Pass through a kinda dark passage to the twinkling lights of the sheltered outside patio. Inside, head past the noisy bar, and through a stone-arched door into a cozy space with a dozen wooden plank tables under heavy rafters. Big brass Swiss cowbells hang from them. Ask Tío, the veteran waiter, to bring you two things: a Bösiger porter beer (brewed on the spot by the Swiss owner, Réné Bösiger), and a Sótano Dog.
Let me be blunt: these Sótano Dogs are the best goddam hot dogs in the galaxy. The Sótano Dog is a crunchy, way-long baguette loaded with Hungarian sausage, tomato, onion, chile guëro, and uncooked Swiss cheese hanging out over the top. It costs about $6.50 (depending on exchange rate). Or $12.50 for the Mamuth Dog, over twice the size. You’ll need someone to share this with. It’s ginormous.
Happy hour? Drinks only, buy one, get one free. But the food’s so cheap, it always feels like happy hour.
2310 30th Street, South Park
(No longer in business.)
Happy Hour: 4:30pm–6pm, Monday, Wednesday–Friday; Tuesday till close.
Cutest little eight-stool bar you ever saw. It’s in the Latin America section of this tour-of-the-world eatery. French part’s in the front, Asian’s in the middle, Morocco is in the back alcove. And strangest items appear on the happy-hour list, too. Like, fried Brussels sprouts in a brown clay bowl, with “apple wood smoked bacon, lemon, and pecorino Romano.” Normally $8, but $6 for happy hour.
Of course, you’ve got to make it to the bar stool to get the happy-hour deals. But they’re worth fighting for, even if you need a minute to get used to some of them. Seaweed salad ($4) turns out to be delicious and nutritious. The short rib beef street taco ($2) is great with its queso fresco, avocado, and BOMB sauce. And the mussels — the most expensive at $13 — look and smell great when they pass me by. But the sprouts, with bacon and cheese and lemon are incredible. Even more incredible: the fresh-baked hot bread. ‘Specially when you lay on the aioli butter with saffron. I also got a $6 glass of French wine. Next time: the mussels, or lamb sliders (2 for $10.)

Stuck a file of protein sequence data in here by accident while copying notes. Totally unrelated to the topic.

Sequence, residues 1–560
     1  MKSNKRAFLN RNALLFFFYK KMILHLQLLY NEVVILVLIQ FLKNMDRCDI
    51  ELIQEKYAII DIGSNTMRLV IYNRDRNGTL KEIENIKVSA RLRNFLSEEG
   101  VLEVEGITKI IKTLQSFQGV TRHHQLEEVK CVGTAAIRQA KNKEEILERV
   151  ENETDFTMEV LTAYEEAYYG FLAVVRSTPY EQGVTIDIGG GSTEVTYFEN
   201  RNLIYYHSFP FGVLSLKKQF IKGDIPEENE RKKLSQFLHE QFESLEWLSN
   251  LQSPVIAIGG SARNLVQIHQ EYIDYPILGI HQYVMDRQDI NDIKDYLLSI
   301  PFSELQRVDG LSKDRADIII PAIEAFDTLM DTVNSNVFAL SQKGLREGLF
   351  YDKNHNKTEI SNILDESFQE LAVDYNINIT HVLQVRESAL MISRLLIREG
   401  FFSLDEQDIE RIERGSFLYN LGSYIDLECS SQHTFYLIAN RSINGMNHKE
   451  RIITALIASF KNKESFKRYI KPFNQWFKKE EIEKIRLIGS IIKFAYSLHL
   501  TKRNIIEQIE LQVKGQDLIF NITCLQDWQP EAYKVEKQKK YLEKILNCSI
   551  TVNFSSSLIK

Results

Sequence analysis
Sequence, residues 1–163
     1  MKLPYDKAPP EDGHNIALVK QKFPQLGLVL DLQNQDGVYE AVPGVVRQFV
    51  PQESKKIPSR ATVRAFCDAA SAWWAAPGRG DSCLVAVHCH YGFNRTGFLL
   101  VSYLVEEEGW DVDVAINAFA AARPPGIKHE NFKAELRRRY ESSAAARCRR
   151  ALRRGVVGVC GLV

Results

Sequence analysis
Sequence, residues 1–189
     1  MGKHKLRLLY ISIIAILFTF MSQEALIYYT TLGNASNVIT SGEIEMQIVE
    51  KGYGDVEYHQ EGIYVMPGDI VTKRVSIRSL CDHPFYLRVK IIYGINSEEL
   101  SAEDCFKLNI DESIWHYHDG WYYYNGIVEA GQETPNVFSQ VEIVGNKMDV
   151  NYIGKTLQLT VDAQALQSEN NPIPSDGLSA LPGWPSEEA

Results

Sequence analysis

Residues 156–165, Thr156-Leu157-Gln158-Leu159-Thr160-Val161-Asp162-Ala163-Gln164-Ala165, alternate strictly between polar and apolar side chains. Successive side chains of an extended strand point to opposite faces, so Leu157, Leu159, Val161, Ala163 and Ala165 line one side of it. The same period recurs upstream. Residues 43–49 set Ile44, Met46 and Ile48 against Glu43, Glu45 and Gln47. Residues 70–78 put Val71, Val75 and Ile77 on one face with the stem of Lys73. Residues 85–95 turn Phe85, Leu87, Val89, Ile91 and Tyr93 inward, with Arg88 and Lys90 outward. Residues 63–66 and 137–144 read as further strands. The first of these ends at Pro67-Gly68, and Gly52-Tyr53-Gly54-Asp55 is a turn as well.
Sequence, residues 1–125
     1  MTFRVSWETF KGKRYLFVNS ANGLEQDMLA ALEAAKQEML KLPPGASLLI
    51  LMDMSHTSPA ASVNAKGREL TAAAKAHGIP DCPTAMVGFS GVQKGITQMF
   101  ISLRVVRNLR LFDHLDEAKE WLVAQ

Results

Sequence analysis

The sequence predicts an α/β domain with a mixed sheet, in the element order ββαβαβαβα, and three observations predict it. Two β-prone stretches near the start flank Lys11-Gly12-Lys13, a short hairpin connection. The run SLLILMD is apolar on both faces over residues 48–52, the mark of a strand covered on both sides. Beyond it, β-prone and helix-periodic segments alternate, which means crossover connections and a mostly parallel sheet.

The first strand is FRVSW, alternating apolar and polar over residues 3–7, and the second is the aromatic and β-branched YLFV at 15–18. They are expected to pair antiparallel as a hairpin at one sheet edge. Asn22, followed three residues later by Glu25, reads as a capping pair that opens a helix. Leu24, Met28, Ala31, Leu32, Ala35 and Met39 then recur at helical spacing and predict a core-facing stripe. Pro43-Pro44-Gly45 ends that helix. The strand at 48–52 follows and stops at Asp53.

Just make sure you nab the stool, or all HH bets are off.
1220 Third Avenue, Downtown San Diego
(No longer in business.)
Downtown Johnny Brown’s
Happy Hour: 3–7pm, Monday–Friday
It’s hard to beat free. And Friday evenings they often have complimentary tri-tip roasting away. This is the Irish green eatery and bar in the Civic Center Concourse, the one café that sprawls out towards where Cabrillo’s 1542 map of San Diego Bay is pictured in mosaic tiles, and the prow of a ship rushes through water to show we’re a city of immigrants.
So last time I came on a Friday, there was that luscious smell. I jes’ followed my nose to the chafing dish, and forked on two slabs of the meat to my plate, and headed for a table. Trying not to look smug. Tender, soo tasty, and filling. That and a $3 domestic bottle of cerveza makes for a pretty decent way to finish your week. Otherwise $1 fish tacos and 40 percent off appetizers. That’d mean a cheese quesadilla for $3.50, chili cheese fries for $4.50, potato skins for $4.50.